Who can forget James’ goals against Hull City, the guy is a legend along with Leon Britton who played in that game and is still playing today, some 12 years later. Lee Trundle came slightly after but gave us a swagger, the kids worshipped him then and still do to this day and even though he has retired from the game he is still the club ambassador and does a fine job out in the community. For me personally, the game at Wembley where we beat Reading in 2011 to gain entry into the Premier League stands out, those that were there know that the Swans can never do it the easy way, we took a 3-0 lead and most pundits thought the game was over as a spectical, Swansea fans up and down the country knew different, Reading came out for the second half rejuvenated and within a few minutes, were only 3-2 down, to say I was nervous would have been an understatement, a tremendous block from current manager Garry Monk and another penalty from the ice-cold Scott Sinclair was enough to send the Jack Army into raptures and the party went on long into the night back home in Swansea.
How does supporter ownership (at least in part) help a club? It seems to have worked well in various guises for Barcelona and Bayern Munich, but English football executives don’t seem to have been very supportive of the model. Are there drawbacks?
As previously highlighted the Premier League’s chief executive, Richard Scudamore, has described the ownership structure at Swansea City, with 21% held by the Supporters Trust and a fan elected on the board, as “ideal”.
Why then is there not more Trust/Supporter involvement at Board level in the Premier League and beyond?
I suspect that for many clubs the ownership structure is more akin to a large company and there is a very clearly held view that supporters are too “emotionally involved” with their Club to make rationale and business decisions. Supporter involvement is probably seen as a distraction to the orderly running of the Club, something which, we at Swansea City have of course proved otherwise.
In most American sports, there is no relegation and promotion, and spending on players is tightly controlled. Is that a good thing?
Promotion and relegation is a fundamental way of life for soccer fans in the UK and whilst I am sure some of the Club owners, particularly in the Premier League, would welcome its abolition I cannot see it happening, at least in the immediate future. The spending on players is another issue and I think many would agree that the amount of money being spent on transfers and salaries is reaching an unacceptable level – particularly when you factor in the increasing cost to the fans in supporting their teams. Given where we are however it is difficult to see what controls could be introduced which would have an immediate impact. The reality is that the Premier League is awash with money and attracting the best players from around the world will continue to be one of its prime aims. The German model is talked about often and maybe its time the Premier League adopted much of the good practice from the Bundesliga.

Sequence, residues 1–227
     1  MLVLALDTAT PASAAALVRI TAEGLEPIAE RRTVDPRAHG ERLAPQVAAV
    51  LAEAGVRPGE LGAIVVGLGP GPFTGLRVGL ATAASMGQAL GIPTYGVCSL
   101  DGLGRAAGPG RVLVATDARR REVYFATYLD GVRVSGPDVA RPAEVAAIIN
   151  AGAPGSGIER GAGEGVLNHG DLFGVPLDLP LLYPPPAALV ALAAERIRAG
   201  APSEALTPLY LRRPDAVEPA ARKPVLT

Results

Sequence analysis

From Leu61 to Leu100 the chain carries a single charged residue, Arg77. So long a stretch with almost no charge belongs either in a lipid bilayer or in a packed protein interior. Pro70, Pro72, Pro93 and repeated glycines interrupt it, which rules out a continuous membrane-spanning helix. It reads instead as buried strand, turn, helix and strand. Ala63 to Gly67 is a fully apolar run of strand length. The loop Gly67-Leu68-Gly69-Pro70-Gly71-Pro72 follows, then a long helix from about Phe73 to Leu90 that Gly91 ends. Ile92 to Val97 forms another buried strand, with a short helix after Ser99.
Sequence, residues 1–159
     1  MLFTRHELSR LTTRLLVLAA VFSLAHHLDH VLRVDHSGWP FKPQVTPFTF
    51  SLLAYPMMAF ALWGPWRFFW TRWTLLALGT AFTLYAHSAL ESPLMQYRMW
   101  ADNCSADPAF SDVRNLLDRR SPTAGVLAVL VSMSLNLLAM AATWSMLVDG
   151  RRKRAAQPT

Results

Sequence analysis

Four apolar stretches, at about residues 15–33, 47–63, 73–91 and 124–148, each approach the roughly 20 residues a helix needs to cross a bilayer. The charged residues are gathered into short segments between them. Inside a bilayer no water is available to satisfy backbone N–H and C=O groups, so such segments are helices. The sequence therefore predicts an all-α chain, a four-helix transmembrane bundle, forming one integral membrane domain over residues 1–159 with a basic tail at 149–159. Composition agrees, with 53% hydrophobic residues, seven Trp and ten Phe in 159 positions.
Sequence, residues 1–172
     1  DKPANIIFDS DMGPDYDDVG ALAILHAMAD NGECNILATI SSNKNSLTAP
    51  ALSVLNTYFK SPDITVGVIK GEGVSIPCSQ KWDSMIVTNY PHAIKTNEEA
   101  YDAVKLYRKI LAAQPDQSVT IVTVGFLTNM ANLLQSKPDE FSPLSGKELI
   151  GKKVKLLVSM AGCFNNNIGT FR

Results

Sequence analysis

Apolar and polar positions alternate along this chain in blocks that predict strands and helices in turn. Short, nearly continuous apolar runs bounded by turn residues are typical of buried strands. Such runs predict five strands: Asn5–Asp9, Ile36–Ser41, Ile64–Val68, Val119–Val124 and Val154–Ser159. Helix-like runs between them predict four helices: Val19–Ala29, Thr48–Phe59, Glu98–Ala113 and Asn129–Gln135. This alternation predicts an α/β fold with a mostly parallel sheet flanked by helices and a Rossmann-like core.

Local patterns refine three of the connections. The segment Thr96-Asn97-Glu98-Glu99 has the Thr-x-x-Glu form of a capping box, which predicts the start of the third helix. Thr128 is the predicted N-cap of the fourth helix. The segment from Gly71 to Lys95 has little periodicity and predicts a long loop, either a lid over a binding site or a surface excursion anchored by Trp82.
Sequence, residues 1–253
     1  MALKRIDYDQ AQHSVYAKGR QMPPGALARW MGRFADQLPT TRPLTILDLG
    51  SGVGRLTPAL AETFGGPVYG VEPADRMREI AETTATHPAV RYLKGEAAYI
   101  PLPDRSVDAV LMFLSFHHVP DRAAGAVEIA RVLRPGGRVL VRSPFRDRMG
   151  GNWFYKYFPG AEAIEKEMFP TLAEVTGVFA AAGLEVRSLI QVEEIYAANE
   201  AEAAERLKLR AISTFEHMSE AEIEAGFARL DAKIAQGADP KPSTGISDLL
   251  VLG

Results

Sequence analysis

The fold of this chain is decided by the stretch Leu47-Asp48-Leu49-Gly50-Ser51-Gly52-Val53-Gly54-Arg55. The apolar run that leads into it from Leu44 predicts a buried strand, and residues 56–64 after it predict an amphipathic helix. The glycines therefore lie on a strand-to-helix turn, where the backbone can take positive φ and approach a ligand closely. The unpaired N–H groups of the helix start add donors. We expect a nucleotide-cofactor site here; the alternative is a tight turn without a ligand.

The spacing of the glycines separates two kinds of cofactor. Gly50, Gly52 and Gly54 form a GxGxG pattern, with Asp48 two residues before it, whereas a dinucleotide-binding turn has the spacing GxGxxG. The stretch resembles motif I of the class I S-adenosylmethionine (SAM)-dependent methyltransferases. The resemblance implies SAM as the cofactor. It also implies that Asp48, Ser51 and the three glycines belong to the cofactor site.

What have I forgotten to ask you about Swansea’s rise? Any plans for an American summer tour at some point?
We toured America last summer and to be fair, we had a fantastic welcome, the facilities were befitting of any Premier League club and most of our pre-season training was in Chicago. We played two games whilst in the US, one against Mexican side, Chevas at Miller Park, Milwaukee with 33,000 packed into the stadium and one against Minnesota United, where over 10,000 watch on. Whilst there, we visited a Summer Camp held by North Shore United (Wisconsin) with Garry Monk (manager), coaches and a number of players. We have a partnership with the North Shore club and for a number of years we have been sending coaches out to pass on the knowledge of the ‘Swansea Way’ and every two years North Shore send a touring party of up to 100 to Swansea with teams to compete, last year it was the U14 boys and girls team. They spend the week, take in a match and generally get to know the area.